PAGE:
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This article is written by a student writer from the Her Campus at UC Irvine chapter.

This past Winter quarter was my return to academia after six months because I de-assessed from Fall 2020. In a previous article, I wrote that I was prepared for winter’s turmoil. I’ll give an account of my experience and what I learned.


Invigorated after the long break and the end of daily scheduled work hours, I enrolled in 20 units the past quarter. To provide perspective, taking 12 units is considered full-time student status. My five classes were a mix of live virtual lectures and asynchronous learning. While live lectures somewhat helped to maintain a pace and schedule, they presented a barrier and an inaccessible form of education. The asynchronous classes were critical to any success. Other issues inevitably came up through constantly being at home. I remotely worked one day of the week, which interfered with one of the synchronous lectures. Thankfully, it was also recorded, allowing me to retain that small stream of income.

With my time management skills improved, I committed to completing my readings. My main tip for acing a class? Do the readings! From the perspective of someone in the social sciences, aim to relate concepts to your life and other events in order to understand its application.

It’s important to try out different approaches if one doesn’t work for you. Some weeks, I couldn’t muster the energy to stay on schedule and chose to work in large periods of time instead of dividing it into daily tasks. I would put off an assignment for the next day if I hit a mental slump. I once submitted a discussion post a day late and wrote “sorry, I forgot what day it was :/” at the bottom. They graciously accepted my late submission. It’s perfectly understandable to not always be on top of your to-do list.

todo list
Photo by Emma Matthews Digital Content Production from Unsplash
Personal life

Feeling like I had a fresh start, I didn’t automatically rejoin organizations that I was involved with before the pandemic. This quarter, I pursued more hobby-oriented extracurriculars. I knew myself to be a more creative person than academia gave me credit for. I didn’t want to restrict myself. Being hedonistic was a necessity to make my scheduled time feel bearable and enjoyable.

Winter is notorious for bringing seasonal depression. While this rings less true in sunny California, in addition to COVID-19-prompted social distancing, being inside had similar effects. The distressing feeling of being confined to our homes, akin to cabin fever, affected my mental health. Sometimes I would feel too irritable to reach out for help or contact friends.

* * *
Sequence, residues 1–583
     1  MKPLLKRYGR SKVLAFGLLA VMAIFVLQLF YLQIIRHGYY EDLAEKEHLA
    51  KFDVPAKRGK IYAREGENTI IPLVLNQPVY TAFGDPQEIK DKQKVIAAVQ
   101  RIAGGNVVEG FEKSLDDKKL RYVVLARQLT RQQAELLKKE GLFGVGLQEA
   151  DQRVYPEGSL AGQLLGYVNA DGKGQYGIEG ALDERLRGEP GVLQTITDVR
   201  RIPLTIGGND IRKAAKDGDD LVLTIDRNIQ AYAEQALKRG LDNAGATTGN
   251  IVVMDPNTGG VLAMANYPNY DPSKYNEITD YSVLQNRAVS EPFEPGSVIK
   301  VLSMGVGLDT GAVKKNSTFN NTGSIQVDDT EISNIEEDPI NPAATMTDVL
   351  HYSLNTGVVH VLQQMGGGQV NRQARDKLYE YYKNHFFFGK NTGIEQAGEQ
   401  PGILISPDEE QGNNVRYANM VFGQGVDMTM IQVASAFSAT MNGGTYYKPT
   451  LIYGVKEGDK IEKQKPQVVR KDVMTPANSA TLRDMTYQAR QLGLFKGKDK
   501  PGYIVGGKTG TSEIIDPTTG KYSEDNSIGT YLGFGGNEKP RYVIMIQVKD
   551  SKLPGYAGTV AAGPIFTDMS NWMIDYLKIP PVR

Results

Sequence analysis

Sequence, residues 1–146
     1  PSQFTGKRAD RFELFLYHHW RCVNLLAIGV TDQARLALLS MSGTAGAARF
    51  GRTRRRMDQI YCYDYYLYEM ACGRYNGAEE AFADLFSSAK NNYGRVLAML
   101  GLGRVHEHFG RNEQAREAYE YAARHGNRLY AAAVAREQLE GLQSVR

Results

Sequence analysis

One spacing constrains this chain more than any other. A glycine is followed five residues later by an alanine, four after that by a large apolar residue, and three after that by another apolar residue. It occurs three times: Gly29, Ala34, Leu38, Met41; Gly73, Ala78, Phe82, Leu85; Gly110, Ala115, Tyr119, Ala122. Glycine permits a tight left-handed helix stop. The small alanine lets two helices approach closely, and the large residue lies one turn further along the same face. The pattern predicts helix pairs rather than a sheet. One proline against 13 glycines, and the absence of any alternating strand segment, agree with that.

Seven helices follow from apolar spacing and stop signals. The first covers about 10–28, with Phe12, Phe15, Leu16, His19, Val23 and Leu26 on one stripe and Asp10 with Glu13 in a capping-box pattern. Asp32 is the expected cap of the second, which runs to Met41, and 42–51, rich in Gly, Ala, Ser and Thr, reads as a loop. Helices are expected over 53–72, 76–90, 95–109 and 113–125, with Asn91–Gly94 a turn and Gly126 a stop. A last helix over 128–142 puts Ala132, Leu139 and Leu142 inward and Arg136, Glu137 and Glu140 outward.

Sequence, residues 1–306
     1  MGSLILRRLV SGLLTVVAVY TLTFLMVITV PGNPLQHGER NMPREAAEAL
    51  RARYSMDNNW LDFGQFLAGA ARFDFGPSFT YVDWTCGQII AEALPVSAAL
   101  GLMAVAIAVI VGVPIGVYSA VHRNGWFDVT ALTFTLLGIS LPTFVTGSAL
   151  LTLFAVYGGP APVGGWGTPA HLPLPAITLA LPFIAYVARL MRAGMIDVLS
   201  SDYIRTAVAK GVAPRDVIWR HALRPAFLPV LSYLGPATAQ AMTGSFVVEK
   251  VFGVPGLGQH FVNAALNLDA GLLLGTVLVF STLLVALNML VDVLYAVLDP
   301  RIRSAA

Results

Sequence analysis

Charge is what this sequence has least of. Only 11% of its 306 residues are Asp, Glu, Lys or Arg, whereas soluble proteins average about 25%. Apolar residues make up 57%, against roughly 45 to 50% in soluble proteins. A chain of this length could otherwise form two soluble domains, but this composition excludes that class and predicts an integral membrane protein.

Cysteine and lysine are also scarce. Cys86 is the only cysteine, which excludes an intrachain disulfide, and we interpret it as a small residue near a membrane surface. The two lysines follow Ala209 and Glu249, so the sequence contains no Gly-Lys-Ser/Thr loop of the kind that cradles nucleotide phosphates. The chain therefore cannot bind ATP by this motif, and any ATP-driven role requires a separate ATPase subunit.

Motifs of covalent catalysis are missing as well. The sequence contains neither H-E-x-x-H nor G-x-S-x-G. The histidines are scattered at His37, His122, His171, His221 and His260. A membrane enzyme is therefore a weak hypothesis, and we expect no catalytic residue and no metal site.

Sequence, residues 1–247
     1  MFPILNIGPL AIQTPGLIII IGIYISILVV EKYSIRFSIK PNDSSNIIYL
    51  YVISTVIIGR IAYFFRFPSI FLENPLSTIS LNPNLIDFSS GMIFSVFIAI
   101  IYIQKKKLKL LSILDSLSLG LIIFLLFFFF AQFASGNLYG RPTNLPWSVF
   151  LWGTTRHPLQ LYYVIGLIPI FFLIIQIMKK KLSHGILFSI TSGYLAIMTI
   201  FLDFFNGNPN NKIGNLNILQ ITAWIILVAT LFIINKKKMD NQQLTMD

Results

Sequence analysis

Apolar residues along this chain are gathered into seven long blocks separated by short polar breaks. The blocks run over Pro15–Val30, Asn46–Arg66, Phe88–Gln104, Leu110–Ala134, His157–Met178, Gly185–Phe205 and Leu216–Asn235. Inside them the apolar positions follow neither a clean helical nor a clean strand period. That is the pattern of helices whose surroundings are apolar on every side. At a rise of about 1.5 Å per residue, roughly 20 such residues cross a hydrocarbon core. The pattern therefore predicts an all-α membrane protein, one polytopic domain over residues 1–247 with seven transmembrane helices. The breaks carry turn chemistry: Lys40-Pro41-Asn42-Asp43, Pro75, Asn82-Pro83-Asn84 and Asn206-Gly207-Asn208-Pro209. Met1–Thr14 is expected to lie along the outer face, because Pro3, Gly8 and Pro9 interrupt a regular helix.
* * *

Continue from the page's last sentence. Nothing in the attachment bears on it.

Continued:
Taking time for yourself to remember yourself and your interests is healing when you feel overwhelmed by external pressure. For some, other people like friends are that reprieve. Personally, walking while listening to audiobooks and podcasts provided an escape from my anxious thoughts.

Woman sitting alone
Photo by Alex Green from Pexels
I had to remind myself to be gentle. I don’t exist to simply output and perform. I can’t complain about the Winter quarter too much because I did receive A grades for all my classes! In summation, here’s my advice:

  1. Set realistic expectations and goals. Try out different methods.
  2. Reconsider what keeps you attentive and passionate.
  3. Have the courage to pursue it.
  4. Manage your time. Make schedules! Give yourself leisure time.
  5. Retain the gap quarter mindset of prioritizing your mental health.

You don’t need a particular catalyst to decide you want to change your life, go ahead and do it! If there’s anything my gap quarter, specifically during this pandemic, taught me, it’s that life can change at any moment. I need to commit to making the most of the time I do have—whether that be utilizing potential time for studying or relaxing and enjoying entertainment.

You are what you love. In my case, it's riot grrrl music, healing reads, and bell hooks quotes. I am a national HC writer and a chapter editor at UC Irvine, where I study political science and social ecology.